Game Design: Starter Prototyping Tools

Game Design Process: Prototyping

Game Design Process: Prototyping

I recently asked myself the following question: “If I were to start over with game design, which prototyping tools would I buy to get started?” I’ve made numerous prototypes and I’ve learned what to do and what not to do. So today I present a set of prototyping tools to help get you started as a game designer.

When I got started out I didn’t want to throw a lot of money at prototypes. This was because I had no idea if the prototypes would ever actually go anywhere. I was fortunate to have a wife who used to do physical scrapbooking. So I had some tools available to me that wouldn’t have otherwise been available.

Never-the-less, there are some key tools and resources that I think every game designer can utilize to make high quality prototypes at low(ish) cost and with relative ease. For the sake of this article I will assume that you can print on photo paper (I recommend Kodak 8.5×11 – 100 sheets).

Game Prototyping Resources

First, let’s cover where to get some basic resource type things. These are my go-to retailers for these items:

Game Prototyping Tools

Things that are not mentioned above include boards, tiles, tokens, reference sheets, rulebooks, and more.  I generally use the same process to make all of those except a rulebook. I don’t typically make a rulebook.

To make my prototype components feel like high quality I purchase the following materials:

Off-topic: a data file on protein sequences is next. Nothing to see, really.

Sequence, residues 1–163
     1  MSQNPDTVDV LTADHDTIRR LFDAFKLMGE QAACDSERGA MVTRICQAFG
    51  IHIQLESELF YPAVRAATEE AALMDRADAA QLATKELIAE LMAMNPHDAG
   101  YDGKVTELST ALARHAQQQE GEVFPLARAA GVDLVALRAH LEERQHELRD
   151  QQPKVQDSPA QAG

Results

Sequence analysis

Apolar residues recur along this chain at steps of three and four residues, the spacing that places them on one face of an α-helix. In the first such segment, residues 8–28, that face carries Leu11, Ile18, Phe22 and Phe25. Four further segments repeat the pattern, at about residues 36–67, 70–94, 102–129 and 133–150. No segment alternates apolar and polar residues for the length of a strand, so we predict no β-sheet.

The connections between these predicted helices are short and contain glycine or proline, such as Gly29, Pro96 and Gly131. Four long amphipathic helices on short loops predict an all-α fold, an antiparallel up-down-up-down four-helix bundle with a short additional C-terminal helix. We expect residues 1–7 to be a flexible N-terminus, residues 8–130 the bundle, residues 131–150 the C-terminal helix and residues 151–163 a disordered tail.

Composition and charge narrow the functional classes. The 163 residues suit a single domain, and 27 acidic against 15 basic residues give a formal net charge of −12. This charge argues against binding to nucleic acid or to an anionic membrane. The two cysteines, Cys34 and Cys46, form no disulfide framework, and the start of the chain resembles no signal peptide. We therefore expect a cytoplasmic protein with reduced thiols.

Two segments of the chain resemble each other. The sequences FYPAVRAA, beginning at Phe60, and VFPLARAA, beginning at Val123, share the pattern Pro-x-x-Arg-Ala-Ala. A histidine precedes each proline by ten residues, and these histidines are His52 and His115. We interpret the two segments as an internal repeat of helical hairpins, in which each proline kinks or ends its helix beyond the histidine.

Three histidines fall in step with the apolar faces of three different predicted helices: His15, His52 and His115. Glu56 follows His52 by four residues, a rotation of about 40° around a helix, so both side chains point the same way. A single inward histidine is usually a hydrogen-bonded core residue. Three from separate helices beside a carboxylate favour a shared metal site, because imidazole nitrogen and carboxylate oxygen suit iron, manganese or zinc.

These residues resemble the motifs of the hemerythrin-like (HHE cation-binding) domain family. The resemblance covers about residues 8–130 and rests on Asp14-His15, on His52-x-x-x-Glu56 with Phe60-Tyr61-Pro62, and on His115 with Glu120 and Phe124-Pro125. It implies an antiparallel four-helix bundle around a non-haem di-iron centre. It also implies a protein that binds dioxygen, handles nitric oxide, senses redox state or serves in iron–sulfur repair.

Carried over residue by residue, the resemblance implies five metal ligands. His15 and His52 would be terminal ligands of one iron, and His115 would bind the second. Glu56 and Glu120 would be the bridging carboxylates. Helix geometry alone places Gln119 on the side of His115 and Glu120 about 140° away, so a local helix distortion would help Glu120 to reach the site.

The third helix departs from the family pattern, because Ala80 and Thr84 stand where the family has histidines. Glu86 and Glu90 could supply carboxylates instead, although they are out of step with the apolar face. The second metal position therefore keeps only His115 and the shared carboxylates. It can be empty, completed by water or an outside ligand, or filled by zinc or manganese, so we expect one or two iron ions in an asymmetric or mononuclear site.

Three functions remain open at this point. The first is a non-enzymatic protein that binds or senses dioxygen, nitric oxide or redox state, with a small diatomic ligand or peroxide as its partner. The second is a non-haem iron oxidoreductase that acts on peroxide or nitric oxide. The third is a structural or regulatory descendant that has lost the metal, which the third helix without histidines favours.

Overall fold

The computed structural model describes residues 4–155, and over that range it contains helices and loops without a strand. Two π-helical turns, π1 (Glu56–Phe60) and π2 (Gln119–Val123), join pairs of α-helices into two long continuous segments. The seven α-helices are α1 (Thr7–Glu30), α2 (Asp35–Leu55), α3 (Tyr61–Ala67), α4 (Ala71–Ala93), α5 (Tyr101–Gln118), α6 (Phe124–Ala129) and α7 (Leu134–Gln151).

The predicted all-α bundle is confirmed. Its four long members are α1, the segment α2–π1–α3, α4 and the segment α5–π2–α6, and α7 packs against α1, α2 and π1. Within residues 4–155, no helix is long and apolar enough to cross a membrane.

• Matte board remnants from Hobby Lobby for super cheap. You can get a stack of about 25 12″x12″ matte boards for about $6.
  • Kodak Photo Paper (100 sheets for ~ $15)
  • Non-OEM ink for my inkjet printer via eBay. (I bought 5 full sets of ink cartridges for ~$20)
  • Glue Sticks – you’ll want to keep several on hand.

I often create artwork and then print it on the photo paper. I glue it down to the matte board. Then I break out my most highly recommended tool: The Rotary Cutter!

The Rotary Cutter

Easily worth the cost!

Easily worth the cost!

This has been my most-used tool for creating game prototypes.

I have a Fiskars rotary cutter similar to the one shown in the picture. You can buy it here:

Fiskars Rotary Cutter: $26.49

It isn’t the best cutter. You can pay a lot more money for better cutters. But it does exactly what I need it to do for my prototypes. Other cutter options include:

There are more options than those, so if you don’t like those options feel free to do more thorough searching.

I use this tool to cut out the components that have been printed and glued to the matter board. This cutter works well enough for that.

Punches

Great for cardstock chits!

Great for cardstock chits!

Other great tools for designers are punches. These are used to quickly create tokens and chits. When I create tokens and chits I usually prefer printing the artwork onto thicker stock paper so they are more rigid. 90lb or 100lb paper is usually a good weight.

There are a plethora of different punches out there, but for the sake of board games you’ll most likely be interested in circle and hex punches and corner rounders. Here are some options.

As before, go ahead and do some more searching to find the right product for you.

Sharpies

Sharpie